Oh, and one more thing while we have you! Don't forget that you can catch up on all your favourite shows for free for a month right here, so sign up now!

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Over half of male college athletes, and 38 per cent of non-athletes have admitted to having coerced a partner into performing a sexual act. 

A study of 379 male students from an unnamed university in the US, asked a number of questions around the topics of sexually coercive behaviour and consent, in an attempt to learn more about the attitudes that exist around rape culture. 

Aside from the sheer number of men who said they had engaged in coercive behaviour, one of the more alarming findings was the mentality behind the admissions, and the apparent belief in rape myths. 

Offending participants shared the opinion that "if a woman doesn't fight back, it isn't rape", a worrying take on gender roles, such as "women should worry less about their rights and more about becoming good wives and mothers." 

Speaking to the Washington Post, Kristy McCray, an assistant professor of health and sport sciences at Otterbein Universtiy in Ohio, said: "Sports are a hypermasculine endeavor, and there's a lot that connects hypermasculinity to violence." 

While the findings are no doubt disturbing at best, many readers of the report have taken to social media to say the news doesn't come as a huge shock. 

The study proves particularly relevant at a time when the #MeToo and #IBeleiveHer movements aim to open the conversation around rape culture and provide support for the victims of sexual assault.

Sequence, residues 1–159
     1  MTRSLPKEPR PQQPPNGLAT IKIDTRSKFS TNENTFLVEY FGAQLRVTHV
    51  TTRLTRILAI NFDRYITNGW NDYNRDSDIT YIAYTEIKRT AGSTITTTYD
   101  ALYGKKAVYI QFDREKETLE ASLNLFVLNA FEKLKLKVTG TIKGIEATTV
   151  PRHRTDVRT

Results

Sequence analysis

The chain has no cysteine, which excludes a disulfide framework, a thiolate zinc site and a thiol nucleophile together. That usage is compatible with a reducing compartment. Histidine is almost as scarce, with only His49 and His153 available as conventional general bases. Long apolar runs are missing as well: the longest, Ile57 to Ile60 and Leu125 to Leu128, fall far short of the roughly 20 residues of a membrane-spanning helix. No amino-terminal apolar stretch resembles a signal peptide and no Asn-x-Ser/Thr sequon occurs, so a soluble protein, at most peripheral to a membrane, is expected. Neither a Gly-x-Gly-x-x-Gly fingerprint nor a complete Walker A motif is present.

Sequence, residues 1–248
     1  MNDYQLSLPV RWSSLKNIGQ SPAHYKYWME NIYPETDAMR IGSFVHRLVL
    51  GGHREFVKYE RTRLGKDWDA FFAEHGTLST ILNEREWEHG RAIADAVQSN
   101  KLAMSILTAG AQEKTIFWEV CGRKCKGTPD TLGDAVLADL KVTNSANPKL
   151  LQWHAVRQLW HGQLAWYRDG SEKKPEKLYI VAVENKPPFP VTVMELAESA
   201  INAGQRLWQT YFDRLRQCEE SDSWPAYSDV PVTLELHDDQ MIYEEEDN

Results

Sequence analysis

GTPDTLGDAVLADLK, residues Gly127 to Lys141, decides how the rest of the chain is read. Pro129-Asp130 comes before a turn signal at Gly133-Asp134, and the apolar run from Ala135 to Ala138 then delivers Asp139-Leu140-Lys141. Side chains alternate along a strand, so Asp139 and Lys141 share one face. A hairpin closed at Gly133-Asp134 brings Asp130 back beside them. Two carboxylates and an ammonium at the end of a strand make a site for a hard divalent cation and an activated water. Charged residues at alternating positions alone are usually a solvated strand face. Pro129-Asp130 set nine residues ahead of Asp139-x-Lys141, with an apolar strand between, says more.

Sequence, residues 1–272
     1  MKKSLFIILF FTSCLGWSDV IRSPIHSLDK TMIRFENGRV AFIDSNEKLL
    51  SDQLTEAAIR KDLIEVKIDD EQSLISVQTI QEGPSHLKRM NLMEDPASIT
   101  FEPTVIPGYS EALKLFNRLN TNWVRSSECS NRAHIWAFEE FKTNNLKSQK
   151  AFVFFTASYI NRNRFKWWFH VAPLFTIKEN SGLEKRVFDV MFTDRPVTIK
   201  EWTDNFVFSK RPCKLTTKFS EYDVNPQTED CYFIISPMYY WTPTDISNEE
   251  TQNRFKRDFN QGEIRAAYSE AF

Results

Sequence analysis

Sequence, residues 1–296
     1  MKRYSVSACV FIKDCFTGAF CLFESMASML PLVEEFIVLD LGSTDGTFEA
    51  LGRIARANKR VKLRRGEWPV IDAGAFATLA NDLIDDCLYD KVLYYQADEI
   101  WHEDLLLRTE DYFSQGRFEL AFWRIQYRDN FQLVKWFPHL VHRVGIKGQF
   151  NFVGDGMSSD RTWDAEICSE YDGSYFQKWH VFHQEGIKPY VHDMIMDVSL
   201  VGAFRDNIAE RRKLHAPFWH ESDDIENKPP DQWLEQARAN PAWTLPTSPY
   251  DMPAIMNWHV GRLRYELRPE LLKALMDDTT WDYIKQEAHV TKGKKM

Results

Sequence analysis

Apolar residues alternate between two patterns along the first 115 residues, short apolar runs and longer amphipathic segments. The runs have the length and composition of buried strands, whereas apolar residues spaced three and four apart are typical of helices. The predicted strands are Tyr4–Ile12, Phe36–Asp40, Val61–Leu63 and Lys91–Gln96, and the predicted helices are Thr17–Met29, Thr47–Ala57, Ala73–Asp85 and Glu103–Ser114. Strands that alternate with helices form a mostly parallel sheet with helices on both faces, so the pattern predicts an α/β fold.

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In a world of airbrushed models and #spon posts, it's safe to say that the media has played a huge role in the creation of the impossible beauty standards facing women today. 

With social feeds full of face-tuned photos showing society's idea of the 'perfect' physique, it's easy to feel as though your own body isn't worthy of love or celebration. 

And while steps have been taken to eliminate these kind of attitudes, there's still a lot of work to be done, and it seems these positive changes haven't yet translated to real-life situations, with studies showing that body shaming often comes from those closest to us. 

In an effort to shed a light on the topic Fit Rated surveyed 1,000 men and women about their experiences, and how their friends and family contribute to their body-confidence issues. 

The research showed that 92.7 per cent of women and 86.5 per cent of men have been ridiculed in some shape or form for the way they look, proving that body shaming is not restricted to one type of body or person. 

As shocking as these figures may seem, it's hardly surprising when you consider over half of all women and one fifth of men admitted to body shaming others at one point or another, thus continuing the cycle. 

When it came to the parts of the body that were most often criticised, both men and women reported that their bellies and legs were most likely to be the subject of a damning comment. 

But where does it all come from? 

Parents, friends and significant others were all found to be the greatest offenders, with over 60 per cent of women revealing they had been shamed by their mother at some point in their lives. 

"My mother used to tell me I was fatter than my sister and compare me to her," said one respondent. While a second told how her mother would shame her for being on her period. 

Another spoke of how her significant other would force her to stand naked in front of the mirror while he inspected her body. 

"A previous boyfriend continually would get undressed in front of a mirror and stand behind me pointing out things abut my body her did not like and/or did not think were attreactive." 

Mainstream and social media may often bear the brunt of criticism for creating unrealistic body standards for men and women of all ages, but as we learned, the ridicule endured over their weight or appearance also comes from people in their personal lives.